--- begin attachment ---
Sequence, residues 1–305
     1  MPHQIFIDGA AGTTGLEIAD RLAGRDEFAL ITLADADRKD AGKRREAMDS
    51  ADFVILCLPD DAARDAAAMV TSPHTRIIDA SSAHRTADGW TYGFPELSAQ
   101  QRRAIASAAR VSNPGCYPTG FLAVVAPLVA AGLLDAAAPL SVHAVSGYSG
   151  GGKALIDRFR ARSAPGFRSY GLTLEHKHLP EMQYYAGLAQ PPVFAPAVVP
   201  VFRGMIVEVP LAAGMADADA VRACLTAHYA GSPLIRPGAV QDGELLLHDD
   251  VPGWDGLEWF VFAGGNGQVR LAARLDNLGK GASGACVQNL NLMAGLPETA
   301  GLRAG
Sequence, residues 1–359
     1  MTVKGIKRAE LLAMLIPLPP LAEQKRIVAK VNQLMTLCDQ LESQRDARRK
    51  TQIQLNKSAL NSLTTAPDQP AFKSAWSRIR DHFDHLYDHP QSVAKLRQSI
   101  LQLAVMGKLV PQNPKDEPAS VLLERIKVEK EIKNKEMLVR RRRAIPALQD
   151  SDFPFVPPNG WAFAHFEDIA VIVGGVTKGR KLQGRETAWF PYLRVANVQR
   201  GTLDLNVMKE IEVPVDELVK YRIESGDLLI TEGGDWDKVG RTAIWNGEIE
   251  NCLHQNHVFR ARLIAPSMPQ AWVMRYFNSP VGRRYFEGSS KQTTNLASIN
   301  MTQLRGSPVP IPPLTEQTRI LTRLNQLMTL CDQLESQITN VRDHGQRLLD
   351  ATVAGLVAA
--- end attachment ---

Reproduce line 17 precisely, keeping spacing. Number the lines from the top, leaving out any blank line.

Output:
   351  ATVAGLVAA